Using laser light, ballooning tissue and innovative genetic tricks, scientists are starting to force brains to give up their secrets.
By mixing and matching powerful advances in microscopy and cell biology, researchers have imaged intricate details of individual nerve cells in fruit flies and mice, and even controlled small groups of nerve cells in living mice.
Shogo Tachibana greeted asteroid Ryugu with dread.
The cosmochemist with the University of Tokyo had spent 10 years helping to design a mission to Ryugu’s surface. To touch down safely, the spacecraft, Hayabusa2, needs to find broad, flat stretches of fine-grained dust on the asteroid. But on June 27, when Hayabusa2 finally reached its target after a three-and-a-half-year journey (SN...
Recognize these rows and columns? You may remember a detail or two about this mighty table’s organization from a long-ago chemistry class. Elements are ordered according to their number of protons, or atomic number. Metals are mostly to the left and nonmetals to the right. The column at the far right holds the noble gases, named for their general unwillingness to interact with other elements...
The Science Life
WASHINGTON — Kimberly Foecke has a great relationship with her local butcher.
Though she buys loads of meat, Foecke is not a chef or the owner of a small zoo. She’s a paleobiologist who studies what Neandertals ate. And that involves, in her words, “experimental putrefaction, which is a fancy way of saying, I rot meat, all day, every day.”
Scientists know Neandertals ate a lot of...
Letters to the Editor
More than 11 million people visited the Science News website this year. Check out this recap of the most-read stories of 2018, and the most popular stories published this year on each of our blogs.Top 10 stories
1. Male birth control pill passes a safety testMen who took a prototype once-daily contraceptive pill for about a month saw their testosterone and other reproductive hormones...
To blog, or not to blog?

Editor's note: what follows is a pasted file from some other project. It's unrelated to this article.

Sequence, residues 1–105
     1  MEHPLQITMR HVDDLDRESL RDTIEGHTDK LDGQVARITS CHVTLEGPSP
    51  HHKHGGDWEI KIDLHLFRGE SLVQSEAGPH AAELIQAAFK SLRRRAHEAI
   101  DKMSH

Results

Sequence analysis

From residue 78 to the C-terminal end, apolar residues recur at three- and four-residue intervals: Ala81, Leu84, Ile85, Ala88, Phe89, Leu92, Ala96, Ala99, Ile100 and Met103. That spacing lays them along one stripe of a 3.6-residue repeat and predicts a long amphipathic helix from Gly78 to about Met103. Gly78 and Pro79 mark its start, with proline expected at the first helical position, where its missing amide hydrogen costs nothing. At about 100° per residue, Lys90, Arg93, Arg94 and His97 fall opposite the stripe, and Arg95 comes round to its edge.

Young scientists and aspiring writers and communicators ask me this question frequently. If they want to try their hand at science writing, science communication and science journalism, shouldn’t they start a blog? Shouldn’t they start producing content immediately? After all, the best way to learn to write is to write.
I understand why they think starting...
When it comes to impact craters, Earth is the pauper of the solar system.
Even with a recent, still-to-be-confirmed crater discovery under Greenland’s ice, there are fewer than 200 known impact craters on the planet. Mars, for comparison, has hundreds of thousands.
Produced by falling space rocks, most impact craters on Earth have been wiped away over time by wind, rain, shifting...
In 2018, we saw just how much power science has to make a real impact.
Science News’ top stories of the year include a literal impact — the hidden contours of what appears to be a massive crater created when a meteorite slammed into Greenland long ago. That discovery ranks among our Top 10 partly because it’s just cool, but also because it raises the tantalizing prospect of solving a...
Year in Review
Headlines touting the discovery of water on Mars — again! — are a long-standing punchline among planetary scientists. But a discovery this year was something very different.
Unlike previous claims of water-bearing rocks or ephemeral streaks of brine, researchers reported in the Aug. 3 Science that they had found a wide lake of standing liquid near the Red Planet’s south pole, buried...
When most people were thinking about summer vacation, we were contemplating the biggest science stories of 2018.12/17/2018 - 08:00 Science & Society
Yep, it takes more than six months of effort to put together Science News’ annual issue on the Top 10 science stories of the year. 2018 was no different, though we were hit with some exciting twists that had us revisiting our decisions just a week or so before closing the...